Seosan is a small city in Chungcheongnam-do. This dainty and peaceful destination has long been overlooked by foreign travelers. But its unique attractions, which are located in its beautiful rural areas, have been popular with local travelers who wish for a slow idyllic trip. Seosan’s surrounding countryside is a truly scenic area where culture, history, and nature complement each other.
Haemieupseong Walled Town is one of the best-preserved Joseon-era fortresses. The fortress is built on flat land, which sets it apart from the other fortifications of its time. It is also considered a representative piece of architecture remaining from the Joseon times.
The fortress is now a beautiful historic park with peaceful walkways and hanok style buildings. You can take a stroll and enjoy the scenery as well as traditional Korean architecture. For those who travel to find certain historical locations, the fortress also offers a glimpse into a bitter part of history. The fortress has a big old tree and a prison site where the Catholics faced prosecution in 1866.
Organic and brimming with the spirit of nature, Gaesimsa Temple is a rare gem of wooden Korean architecture. The temple is believed to date from the 17th century. It is believed that throughout the centuries, many of the buildings have managed to preserve their original design. The temple grounds are surrounded by a tightly knit forest with a folk-fairytale-like atmosphere.
In spring, Gaesimsa Temple sits like a jewel in a bed of cherry blossoms, with stretches of white and pink blossom trees spread around the surrounding mountains. It is a great destination for nature lovers who love taking a quiet stroll in the woods and enjoying the first notes of spring. The hiking trails lead through the mountains behind the temple and into the heart of nature.
The buildings are unique in that some of them have used trees for pillars; the tree trunks have been put in place without much alteration. You can find many organically shaped lines, curving in harmony with nature, surreal to the eye used to the straight harsh city lines. You can also find a famous wooden Amitabha Buddha statue in the temple which in itself has been designated as a national treasure. It’s believed that the statute might have been built earlier than 1280.
There is something very appealing about places where nature gets to decide when you can access it or not. This concept perhaps suits a hermitage most of all.Ganworam Hermitage stands lonely on a small rock post in the sea. At a certain time during the day, the ebbing tide reveals the pathway to the hermitage. At night the waters flow back in and the place becomes an island again, isolated from the outside world. It’s important to plan your trip carefully if you’re wishing to visit the hermitage. The tides can vary during different times of the calendar. Also, you would not want to feel in a rush while you’re spending time here.
Outside, the hermitage is decorated with folk statues made of driftwood, bestowments of the sea that were not taken for granted and put to use. It makes you wonder where the things have come from and where they are heading to. There is also a Buddha garden with many different statues, of different shapes and sizes. Needless to say, the hermitage has an amazing view towards both land and sea.
The hermitage was founded by the Great Monk Muhak during the early Joseon dynasty. Some stories say that the Great Monk reached enlightenment while gazing at the sight of the moon when meditating here. Some say the word “wol” in the name stands for the moon (wol means moon in Korean).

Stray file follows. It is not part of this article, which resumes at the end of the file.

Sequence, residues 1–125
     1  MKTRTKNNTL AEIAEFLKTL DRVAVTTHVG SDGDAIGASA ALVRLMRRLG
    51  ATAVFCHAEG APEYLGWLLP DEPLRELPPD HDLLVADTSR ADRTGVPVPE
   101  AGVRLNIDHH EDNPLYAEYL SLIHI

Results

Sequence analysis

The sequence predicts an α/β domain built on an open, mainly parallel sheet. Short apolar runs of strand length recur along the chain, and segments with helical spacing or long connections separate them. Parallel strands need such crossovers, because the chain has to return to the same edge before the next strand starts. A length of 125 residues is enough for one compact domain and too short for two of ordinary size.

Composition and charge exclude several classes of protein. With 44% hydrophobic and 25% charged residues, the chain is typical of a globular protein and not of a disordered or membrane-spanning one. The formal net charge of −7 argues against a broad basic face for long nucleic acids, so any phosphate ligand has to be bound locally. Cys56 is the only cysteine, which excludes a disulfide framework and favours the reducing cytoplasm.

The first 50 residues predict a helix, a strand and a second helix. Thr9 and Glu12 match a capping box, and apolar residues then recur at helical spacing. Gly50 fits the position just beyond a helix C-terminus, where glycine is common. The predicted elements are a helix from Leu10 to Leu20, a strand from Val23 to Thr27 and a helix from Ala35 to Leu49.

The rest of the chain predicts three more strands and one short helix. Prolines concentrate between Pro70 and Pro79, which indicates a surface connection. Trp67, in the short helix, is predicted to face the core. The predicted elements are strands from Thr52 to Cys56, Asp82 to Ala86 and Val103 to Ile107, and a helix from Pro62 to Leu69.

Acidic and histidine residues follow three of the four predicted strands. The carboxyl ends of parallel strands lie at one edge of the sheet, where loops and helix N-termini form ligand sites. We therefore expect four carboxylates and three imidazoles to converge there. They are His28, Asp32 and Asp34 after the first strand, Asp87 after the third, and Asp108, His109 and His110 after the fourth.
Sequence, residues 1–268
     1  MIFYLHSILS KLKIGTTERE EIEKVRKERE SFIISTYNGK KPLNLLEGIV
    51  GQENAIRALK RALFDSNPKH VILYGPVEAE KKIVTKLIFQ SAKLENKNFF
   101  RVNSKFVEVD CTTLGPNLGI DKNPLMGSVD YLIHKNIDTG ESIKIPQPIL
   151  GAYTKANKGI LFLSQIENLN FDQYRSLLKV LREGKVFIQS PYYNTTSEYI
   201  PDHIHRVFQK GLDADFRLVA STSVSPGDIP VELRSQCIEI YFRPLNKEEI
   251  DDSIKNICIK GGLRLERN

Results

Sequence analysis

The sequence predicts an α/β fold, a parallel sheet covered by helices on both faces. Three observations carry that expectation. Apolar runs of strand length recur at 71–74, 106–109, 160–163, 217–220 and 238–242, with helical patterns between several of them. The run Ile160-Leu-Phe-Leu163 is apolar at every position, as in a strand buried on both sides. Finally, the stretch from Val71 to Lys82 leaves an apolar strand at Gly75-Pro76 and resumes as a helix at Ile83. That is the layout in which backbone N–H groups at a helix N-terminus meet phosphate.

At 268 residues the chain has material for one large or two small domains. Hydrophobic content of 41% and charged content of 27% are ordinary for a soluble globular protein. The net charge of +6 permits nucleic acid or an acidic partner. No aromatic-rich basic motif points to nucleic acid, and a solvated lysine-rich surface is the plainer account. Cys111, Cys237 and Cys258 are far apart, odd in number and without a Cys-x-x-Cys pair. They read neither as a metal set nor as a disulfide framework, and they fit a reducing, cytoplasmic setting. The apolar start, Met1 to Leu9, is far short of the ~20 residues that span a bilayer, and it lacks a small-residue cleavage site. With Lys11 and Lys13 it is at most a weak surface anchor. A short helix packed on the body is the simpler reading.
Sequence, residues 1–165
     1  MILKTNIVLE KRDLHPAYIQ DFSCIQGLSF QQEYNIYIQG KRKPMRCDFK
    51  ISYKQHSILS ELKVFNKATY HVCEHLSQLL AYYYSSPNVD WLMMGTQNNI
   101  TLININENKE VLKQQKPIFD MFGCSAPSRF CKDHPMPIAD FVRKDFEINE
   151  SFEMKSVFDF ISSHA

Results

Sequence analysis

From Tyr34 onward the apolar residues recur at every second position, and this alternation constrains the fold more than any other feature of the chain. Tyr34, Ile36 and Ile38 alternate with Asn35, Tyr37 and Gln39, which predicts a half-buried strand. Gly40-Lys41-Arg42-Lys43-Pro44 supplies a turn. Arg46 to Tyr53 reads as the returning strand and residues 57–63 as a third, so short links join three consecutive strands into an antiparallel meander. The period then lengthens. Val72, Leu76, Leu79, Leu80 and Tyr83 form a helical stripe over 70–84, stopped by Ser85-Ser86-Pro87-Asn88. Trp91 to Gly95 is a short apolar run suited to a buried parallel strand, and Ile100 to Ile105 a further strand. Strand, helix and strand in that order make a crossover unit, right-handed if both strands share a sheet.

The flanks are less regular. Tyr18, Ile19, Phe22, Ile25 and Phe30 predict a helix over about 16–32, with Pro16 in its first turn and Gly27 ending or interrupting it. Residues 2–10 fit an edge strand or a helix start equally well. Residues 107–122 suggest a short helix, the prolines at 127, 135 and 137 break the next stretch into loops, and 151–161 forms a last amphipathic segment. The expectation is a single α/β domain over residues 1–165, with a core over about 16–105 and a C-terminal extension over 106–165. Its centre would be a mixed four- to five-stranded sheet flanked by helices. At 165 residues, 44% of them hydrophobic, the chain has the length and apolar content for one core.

Built against a hill, the house of Yu Gi-Bang is a traditional aristocratic hanok. The house is particularly famous for its daffodil gardens. Every year when the daffodils are in bloom, the garden turns into a surreal yellow bed of petals. This is perhaps the best time to visit since it is a beautiful and refreshing sight which is also great for photography.
You can also visit the hanok buildings. It is representative of aristocratic houses of the area. You can sit on the balconies and enjoy the scenery. The House of Yu Gi-Bang is also known for having been a filming site for the popular Korean drama “Mr. Sunshine (2019)”.
House of Yu Gi-Bang
Little is known about Bowonsa Temple but the discoveries made at the site suggest that it must have been a big temple. There are theories about when the temple was built; some suggest it was during the end of Unified Silla, others point that the discovery of a gilt bronze Buddha statue means it was built during the Baekje era.
The site is an important historical research ground and there are a number of important national treasures that have been discovered in the area. Today, you can visit the excavation sites and see some of the remaining Buddhist artifacts.
Bowonsa Temple Site
Nicknamed as the “Smile of Baekje,” this national treasure is carved on a cliff on Gayasan Mountain. The carving displays Shakyamuni Buddha standing 3 meters tall and two bodhisattvas, one standing and the other one seated in meditation. Based on the details and style, it’s estimated to have been created sometime between the late 6th and early 7th centuries.
The best time to view the carving is in the morning since the sun illuminates the entire picture and the heartwarming smile of the Shakyamuni Buddha looks at its brightest. The Triad Buddha’s centuries of calmly standing and observing the valley beyond have a truly enigmatic feel. The triad stands looking towards the valley with rocks protruding above. The unique position has been a factor in it being preserved better than the other stone-carved items from the same era.
* This column was last updated in July 2021, and therefore information may differ from what is presented here. We advise you to check details before visiting.